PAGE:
What do you want to be when you grow up? When we’re young, it’s the question with a hundred answers. A fireman one day, a nurse the next, an astronaut after that. But time and talent and circumstance eventually push a sole option to the forefront, the rest receding to become favorite hobbies or fond memories. That this singular option consumes the majority of our time and energy should comes as no surprise, for it’s difficult to do one thing well, let alone two or three. Would that Gyles Brandreth -- author of the literary tribute cum historical mystery Oscar Wilde and a Death of No Importance -- had understood that this also holds true for novels.
The premise is promising: Oscar Wilde, the playboy poet of Victorian England, enters a rented room in No. 23 Cowley Street on a warm day in late August and discovers the ritualistically murdered body of one Billy Wood, a young male prostitute. Wilde flees and, after gathering witnesses, returns to find all evidence of the crime has vanished. He may be a man more used to ink than ichor, but he doesn’t plan on letting this one go unsolved. With the aid of Robert Sherard (great-grandson of William Wordsworth) and Arthur Conan Doyle (creator of Sherlock Holmes), Wilde plans to bust the conundrum wide open.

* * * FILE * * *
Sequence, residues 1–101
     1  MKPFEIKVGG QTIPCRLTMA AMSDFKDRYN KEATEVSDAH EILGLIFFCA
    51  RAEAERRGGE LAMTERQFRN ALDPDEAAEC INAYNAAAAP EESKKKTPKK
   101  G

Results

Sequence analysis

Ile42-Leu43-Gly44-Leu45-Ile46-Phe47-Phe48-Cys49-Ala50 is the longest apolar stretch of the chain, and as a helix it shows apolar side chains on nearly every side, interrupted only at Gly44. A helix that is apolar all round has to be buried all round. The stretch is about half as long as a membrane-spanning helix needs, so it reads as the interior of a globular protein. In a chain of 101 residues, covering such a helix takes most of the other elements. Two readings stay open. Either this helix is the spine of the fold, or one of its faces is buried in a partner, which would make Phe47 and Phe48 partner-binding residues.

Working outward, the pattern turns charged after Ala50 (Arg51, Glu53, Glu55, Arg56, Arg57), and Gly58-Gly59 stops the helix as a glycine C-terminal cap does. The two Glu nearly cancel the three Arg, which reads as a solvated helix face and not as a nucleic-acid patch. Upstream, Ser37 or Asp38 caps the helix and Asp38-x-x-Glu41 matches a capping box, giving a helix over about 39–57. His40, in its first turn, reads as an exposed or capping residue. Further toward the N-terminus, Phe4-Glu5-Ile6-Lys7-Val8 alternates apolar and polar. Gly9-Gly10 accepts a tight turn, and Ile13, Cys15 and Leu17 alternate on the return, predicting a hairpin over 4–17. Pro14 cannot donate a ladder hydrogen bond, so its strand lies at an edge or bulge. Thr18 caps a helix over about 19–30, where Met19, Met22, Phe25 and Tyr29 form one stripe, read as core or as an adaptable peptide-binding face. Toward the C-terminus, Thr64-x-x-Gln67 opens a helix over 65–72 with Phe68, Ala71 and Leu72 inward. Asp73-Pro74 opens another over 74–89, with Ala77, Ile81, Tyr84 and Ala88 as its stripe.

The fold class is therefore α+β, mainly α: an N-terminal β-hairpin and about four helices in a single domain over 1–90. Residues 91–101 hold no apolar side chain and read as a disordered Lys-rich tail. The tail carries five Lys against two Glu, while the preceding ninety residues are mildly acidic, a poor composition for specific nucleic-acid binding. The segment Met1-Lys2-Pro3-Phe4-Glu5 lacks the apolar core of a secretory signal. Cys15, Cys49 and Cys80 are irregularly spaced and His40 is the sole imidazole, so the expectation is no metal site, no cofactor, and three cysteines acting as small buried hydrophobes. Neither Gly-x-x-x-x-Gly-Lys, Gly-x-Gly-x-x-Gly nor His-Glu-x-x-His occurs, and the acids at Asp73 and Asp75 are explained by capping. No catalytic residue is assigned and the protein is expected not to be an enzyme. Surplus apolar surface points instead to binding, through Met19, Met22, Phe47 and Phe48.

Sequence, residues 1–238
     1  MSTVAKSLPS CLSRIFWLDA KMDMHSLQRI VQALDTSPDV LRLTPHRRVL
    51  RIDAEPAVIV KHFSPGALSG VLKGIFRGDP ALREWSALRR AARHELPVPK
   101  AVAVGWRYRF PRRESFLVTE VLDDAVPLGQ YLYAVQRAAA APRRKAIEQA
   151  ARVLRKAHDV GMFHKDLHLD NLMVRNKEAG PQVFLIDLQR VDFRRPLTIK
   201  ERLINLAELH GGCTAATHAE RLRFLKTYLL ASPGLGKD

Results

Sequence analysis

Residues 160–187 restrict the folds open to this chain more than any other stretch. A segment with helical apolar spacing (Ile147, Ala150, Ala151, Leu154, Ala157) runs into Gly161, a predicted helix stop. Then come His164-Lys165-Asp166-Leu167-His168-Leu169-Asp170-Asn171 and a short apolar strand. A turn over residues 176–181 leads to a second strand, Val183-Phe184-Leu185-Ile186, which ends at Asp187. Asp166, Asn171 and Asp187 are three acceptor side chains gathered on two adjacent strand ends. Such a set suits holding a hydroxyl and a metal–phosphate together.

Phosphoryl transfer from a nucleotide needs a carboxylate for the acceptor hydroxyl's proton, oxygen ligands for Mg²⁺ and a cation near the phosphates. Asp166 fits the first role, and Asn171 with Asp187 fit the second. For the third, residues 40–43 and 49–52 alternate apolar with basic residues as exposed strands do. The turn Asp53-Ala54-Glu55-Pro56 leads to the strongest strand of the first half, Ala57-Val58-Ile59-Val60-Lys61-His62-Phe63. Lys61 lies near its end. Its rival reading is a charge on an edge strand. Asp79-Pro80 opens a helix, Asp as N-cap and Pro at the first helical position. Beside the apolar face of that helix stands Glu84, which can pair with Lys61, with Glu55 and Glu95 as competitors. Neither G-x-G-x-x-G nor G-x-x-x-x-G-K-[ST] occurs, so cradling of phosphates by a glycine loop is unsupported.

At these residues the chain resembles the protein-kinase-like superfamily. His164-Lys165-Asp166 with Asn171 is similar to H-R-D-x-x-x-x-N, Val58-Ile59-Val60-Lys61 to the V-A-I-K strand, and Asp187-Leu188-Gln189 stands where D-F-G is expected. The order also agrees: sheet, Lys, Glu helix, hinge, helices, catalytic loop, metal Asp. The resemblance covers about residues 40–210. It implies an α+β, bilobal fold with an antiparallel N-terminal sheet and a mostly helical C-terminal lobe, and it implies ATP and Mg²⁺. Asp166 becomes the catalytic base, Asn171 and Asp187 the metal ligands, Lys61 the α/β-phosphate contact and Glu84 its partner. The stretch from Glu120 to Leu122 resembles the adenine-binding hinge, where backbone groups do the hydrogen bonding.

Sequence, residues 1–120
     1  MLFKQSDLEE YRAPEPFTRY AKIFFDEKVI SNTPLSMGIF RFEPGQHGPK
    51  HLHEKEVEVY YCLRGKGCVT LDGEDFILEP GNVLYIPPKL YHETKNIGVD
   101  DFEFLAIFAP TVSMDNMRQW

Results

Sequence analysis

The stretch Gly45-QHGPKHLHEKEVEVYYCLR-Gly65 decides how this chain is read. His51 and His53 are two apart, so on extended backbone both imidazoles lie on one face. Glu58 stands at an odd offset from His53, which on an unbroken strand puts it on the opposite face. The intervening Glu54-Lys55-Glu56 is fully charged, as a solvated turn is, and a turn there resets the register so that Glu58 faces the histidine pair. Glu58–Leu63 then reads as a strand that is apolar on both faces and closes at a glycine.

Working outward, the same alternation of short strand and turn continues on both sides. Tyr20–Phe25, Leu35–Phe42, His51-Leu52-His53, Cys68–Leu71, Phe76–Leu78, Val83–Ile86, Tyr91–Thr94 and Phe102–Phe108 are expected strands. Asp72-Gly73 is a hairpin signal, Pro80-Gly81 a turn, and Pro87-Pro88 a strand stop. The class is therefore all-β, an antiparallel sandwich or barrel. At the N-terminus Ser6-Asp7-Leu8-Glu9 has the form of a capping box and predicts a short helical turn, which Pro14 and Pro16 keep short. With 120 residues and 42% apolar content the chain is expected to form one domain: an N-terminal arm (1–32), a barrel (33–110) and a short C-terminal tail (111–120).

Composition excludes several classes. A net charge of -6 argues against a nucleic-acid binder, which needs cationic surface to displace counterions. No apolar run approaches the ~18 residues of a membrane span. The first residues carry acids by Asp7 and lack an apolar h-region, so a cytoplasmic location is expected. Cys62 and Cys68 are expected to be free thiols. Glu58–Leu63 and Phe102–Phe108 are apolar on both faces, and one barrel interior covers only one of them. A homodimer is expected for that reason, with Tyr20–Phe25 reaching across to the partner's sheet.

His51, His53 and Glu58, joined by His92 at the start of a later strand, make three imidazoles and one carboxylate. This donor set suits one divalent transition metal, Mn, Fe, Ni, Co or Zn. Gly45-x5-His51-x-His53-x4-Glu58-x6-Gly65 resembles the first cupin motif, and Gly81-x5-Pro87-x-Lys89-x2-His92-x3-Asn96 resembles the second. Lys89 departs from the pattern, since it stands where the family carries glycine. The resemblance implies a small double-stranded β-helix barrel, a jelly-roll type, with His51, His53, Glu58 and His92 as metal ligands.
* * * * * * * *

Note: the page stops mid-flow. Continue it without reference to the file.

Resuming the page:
The execution, though, trips up A Death of No Importance. First, there are the minor irritations, such as Brandreth’s idiosyncratic use of em dashes (which must have driven his editor mad) and the fact that Sherard, to whom falls narration duty, is just uninvolved enough in the proceedings to make one question why he was included at all. But what really sends the book sprawling is inadequate blending of the historical with the mysterious. Wilde’s life was marked by impulsiveness and extravagance, two characteristics that don’t mesh well with criminal investigation. One moment he’s tracking down some vital bit of info, only to be interrupted by a ferocious desire for oysters and champagne. A return to unraveling the murder most foul ends up diverted by a jaunt to Oxford. Then Wilde takes a two-month sabbatical to write The Picture of Dorian Gray. Compelling genre work it’s not, which is a shame because somewhere in the novel there’s a worthy study of a literary icon or an interesting mystery -- but not both.
(Picture: CC 2008 by trialsanderrors)